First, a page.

By Bridget M. Burns / York County Coast Star Contributor
KENNEBUNK, MAINE — After a successful first summer in Kennebunk, Ben Alexander, founder and owner of Maine Mead Works, is looking forward to becoming more involved in the local community. The company’s new tasting room, located in the space formerly occupied by Atlantic Pizza, features flavors of both HoneyMaker and Ram Island mead varieties, gluten-free alternatives to the town’s flagship beer next door.
“We’ve always wanted to have a second tasting room and we had looked at different areas. Kennebunk was always kind of out there, and then with the opportunity to come into a place right next to a brewery that’s been here for a long time, we felt the time was right,” Alexander says.
Maine Mead Works was founded in 2007 with its first tasting room opening on Anderson Street in Portland in 2008. In 2010, the company moved to Washington Avenue where a larger footprint allowed them to have a dedicated tasting room, with production out back. In that location, Alexander has come to appreciate how the right neighbors can drive additional visitor volume.
“Oxbow [beer] has opened up next door to us on the right, and now we have a distillery on the left. So we definitely feel the benefits of the co-locating of craft beverages,” Alexander says of the Portland location.
While Maine Mead Works had no previous relationship with Shipyard Brewing Company as a brand, Alexander does know founder Fred Forsley through the craft beverage world, and recognized the full breadth of opportunity when he learned of the open Kennebunk retail space through mutual friends.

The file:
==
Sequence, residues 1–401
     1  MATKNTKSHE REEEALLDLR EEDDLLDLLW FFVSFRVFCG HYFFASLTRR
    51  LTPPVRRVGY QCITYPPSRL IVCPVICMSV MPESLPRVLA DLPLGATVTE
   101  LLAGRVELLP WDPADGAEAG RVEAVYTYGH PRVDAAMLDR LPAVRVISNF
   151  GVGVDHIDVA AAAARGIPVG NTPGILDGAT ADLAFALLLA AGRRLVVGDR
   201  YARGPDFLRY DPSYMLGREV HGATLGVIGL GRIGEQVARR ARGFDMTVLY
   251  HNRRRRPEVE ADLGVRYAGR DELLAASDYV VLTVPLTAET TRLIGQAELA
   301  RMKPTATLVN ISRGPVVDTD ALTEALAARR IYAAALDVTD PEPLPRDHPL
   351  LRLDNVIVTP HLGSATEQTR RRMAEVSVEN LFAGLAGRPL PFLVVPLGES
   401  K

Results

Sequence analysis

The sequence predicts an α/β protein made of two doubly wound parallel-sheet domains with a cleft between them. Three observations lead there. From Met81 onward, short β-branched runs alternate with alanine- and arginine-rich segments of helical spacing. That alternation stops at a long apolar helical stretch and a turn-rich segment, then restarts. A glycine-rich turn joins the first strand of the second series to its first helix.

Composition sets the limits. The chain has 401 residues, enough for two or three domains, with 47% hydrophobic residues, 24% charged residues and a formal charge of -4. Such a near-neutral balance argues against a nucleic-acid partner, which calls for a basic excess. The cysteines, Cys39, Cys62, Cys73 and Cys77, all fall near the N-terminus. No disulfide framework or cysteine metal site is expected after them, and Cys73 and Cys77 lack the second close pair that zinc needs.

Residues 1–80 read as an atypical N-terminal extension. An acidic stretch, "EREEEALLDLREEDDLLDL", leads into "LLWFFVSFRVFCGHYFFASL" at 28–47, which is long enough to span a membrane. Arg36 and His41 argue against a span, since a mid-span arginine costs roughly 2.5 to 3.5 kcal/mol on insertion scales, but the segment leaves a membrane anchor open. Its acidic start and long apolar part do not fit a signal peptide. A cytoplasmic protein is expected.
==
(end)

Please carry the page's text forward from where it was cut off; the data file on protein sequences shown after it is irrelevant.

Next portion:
“Fred did with beer what we’re trying to do with mead, now. But he did it back in the 90s, so having Fred as somebody to talk to and bounce ideas off of is great,” Alexander says.
The actual renovation from pizza parlor to tasting room happened quickly. Maine Mead Works signed the Kennebunk lease at the end of May, and opened its doors July 1.
“We did it in a month,” Alexander says. “We were very simple about the build out process and making sure it was true to how we wanted to represent our brand. At the same time, we didn’t want to over engineer something when we weren’t sure how we were going to fit into the community. So the way I look at it is baby steps. We decided if it was a really big hit this summer, and it’s been great, that we can make some changes and upgrades during the winter hours.”
Full Story: Maine Mead Works celebrates success in Kennebunk
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